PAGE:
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24 October 2019

US craft brewers warn Supreme Court: back the Clean Water Act

USA | The Supreme Court will hear arguments in November in a major environment case concerning the Clean Water Act. Sixty craft breweries have clubbed together over the summer and told the justices in a brief that weakening the federal regulation would damage their businesses.

The case to be argued has wound its way through the courts since 2012. It concerns the Lahaina Wastewater Reclamation Facility on Hawaii’s island of Maui. The facility’s processed sewage is injected into wells that pump it underground. From there, it eventually travels into the Pacific Ocean.

The Clean Water Act, a landmark federal law which was signed in 1972, has significantly cleaned up the nation’s waterways. But as a federal law, it only requires companies to get federal permits if they discharge pollutants into navigable waters, like rivers and oceans. It does not cover groundwater.

The practice of pumping wastewater underground is regulated (or permitted) by the individual US states. For its part, Maui has argued that because its wastewater enters the ocean only indirectly, no federal permit is required. Therefore, it thinks that requiring a federal permit would vastly extend the reach of US regulators.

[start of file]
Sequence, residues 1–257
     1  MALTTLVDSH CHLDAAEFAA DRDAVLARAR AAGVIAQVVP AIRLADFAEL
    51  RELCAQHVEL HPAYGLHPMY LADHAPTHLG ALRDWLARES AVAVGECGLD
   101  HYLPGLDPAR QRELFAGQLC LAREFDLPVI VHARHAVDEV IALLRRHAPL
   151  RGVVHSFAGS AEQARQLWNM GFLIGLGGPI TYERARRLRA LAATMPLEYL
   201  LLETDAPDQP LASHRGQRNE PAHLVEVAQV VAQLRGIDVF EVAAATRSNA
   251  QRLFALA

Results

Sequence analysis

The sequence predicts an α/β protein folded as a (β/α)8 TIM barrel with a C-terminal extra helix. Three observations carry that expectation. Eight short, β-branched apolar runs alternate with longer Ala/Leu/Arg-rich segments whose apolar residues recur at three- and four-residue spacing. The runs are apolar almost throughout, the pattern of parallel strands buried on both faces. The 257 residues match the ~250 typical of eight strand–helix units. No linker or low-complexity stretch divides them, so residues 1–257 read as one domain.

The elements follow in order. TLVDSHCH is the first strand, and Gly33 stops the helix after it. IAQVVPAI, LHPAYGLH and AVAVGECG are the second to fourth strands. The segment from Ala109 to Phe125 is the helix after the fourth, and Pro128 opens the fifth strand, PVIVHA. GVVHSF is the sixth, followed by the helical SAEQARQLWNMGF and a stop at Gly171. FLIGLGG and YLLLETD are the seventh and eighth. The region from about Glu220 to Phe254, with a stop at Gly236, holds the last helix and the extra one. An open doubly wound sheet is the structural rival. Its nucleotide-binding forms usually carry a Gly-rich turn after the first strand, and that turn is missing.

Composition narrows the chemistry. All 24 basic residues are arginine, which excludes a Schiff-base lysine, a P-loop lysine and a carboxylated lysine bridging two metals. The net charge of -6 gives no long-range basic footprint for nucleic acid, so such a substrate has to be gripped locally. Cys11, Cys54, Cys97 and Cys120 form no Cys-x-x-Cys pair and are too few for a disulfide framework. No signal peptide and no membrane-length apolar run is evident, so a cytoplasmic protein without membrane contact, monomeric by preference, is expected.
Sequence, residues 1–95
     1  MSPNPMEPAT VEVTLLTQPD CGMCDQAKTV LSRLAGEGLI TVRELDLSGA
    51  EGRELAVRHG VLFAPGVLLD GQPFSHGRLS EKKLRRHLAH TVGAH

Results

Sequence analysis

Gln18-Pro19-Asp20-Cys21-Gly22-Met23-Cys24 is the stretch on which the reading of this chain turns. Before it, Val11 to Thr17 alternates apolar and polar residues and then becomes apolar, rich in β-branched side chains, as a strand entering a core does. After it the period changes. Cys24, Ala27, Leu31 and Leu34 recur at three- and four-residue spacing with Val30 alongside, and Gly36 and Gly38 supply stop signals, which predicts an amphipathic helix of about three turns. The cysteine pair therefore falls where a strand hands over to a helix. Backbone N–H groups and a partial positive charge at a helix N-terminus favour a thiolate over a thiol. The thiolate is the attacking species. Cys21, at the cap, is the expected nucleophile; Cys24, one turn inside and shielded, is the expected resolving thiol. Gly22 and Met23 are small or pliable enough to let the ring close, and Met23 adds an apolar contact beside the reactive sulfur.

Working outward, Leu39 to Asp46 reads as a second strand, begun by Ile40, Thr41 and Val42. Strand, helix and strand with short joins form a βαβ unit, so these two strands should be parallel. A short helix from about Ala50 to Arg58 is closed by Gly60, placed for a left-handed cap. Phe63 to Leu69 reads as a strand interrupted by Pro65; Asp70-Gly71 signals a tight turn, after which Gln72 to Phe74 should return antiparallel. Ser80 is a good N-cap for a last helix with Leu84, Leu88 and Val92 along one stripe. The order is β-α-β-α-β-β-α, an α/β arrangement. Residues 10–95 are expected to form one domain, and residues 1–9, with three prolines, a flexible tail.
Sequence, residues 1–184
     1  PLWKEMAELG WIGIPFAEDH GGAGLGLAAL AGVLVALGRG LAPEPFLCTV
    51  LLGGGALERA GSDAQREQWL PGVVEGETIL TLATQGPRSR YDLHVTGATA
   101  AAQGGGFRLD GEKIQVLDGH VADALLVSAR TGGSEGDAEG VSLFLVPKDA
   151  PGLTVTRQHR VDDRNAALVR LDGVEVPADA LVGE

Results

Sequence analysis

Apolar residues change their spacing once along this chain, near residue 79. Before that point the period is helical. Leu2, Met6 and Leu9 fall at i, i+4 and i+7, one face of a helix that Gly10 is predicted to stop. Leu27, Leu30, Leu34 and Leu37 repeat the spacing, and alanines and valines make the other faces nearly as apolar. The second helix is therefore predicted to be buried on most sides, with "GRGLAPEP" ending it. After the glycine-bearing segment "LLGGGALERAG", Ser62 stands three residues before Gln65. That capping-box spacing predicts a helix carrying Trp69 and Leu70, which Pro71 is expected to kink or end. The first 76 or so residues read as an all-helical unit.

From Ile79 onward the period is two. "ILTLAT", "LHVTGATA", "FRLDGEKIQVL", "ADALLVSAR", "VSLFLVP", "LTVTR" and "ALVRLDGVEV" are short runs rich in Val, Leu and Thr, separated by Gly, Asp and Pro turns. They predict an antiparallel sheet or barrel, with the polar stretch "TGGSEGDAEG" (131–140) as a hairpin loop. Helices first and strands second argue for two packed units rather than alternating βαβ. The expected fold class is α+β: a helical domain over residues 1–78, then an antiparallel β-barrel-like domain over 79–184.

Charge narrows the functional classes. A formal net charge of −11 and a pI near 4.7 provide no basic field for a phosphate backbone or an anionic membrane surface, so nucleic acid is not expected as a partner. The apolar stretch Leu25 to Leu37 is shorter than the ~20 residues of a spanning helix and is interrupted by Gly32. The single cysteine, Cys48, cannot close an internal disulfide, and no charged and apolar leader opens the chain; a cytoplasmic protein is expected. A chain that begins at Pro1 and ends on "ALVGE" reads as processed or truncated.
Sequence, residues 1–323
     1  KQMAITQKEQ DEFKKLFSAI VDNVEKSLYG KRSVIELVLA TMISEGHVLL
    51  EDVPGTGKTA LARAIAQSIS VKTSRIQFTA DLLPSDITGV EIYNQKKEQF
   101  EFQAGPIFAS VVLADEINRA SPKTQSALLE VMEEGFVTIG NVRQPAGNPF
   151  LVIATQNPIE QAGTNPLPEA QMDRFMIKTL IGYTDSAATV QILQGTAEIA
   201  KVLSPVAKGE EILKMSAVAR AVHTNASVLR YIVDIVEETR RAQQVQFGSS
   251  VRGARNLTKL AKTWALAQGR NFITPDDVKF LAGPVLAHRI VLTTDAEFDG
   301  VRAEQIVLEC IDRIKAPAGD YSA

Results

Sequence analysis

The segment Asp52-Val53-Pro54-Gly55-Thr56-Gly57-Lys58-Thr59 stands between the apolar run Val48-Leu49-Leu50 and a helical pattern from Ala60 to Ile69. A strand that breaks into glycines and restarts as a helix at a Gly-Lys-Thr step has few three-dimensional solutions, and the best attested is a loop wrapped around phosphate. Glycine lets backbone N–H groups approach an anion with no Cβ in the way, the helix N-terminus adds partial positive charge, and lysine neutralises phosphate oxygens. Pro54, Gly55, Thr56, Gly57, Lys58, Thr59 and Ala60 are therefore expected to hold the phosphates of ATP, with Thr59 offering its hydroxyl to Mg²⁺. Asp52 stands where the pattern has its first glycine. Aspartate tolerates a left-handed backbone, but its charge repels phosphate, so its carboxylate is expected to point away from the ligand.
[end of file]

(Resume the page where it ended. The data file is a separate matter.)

Several federal courts have been divided over whether this type of indirect pollution requires a federal permit.

The case is now with the Supreme Court. Because of the court’s conservative majority, environmentalists fear they could lose. A decision is expected by the end of June next year.

Craft brewers from across the country are worried that a win for Maui would roll back the Clean Water Act and harm their water supply. Moreover, they could face prohibitive costs if they were required to add new filtration and testing systems as a result of polluted water. Among the signatories of the brief are several large craft brewers, including Brooklyn Brewery, Founders, New Belgium, and Sierra Nevada.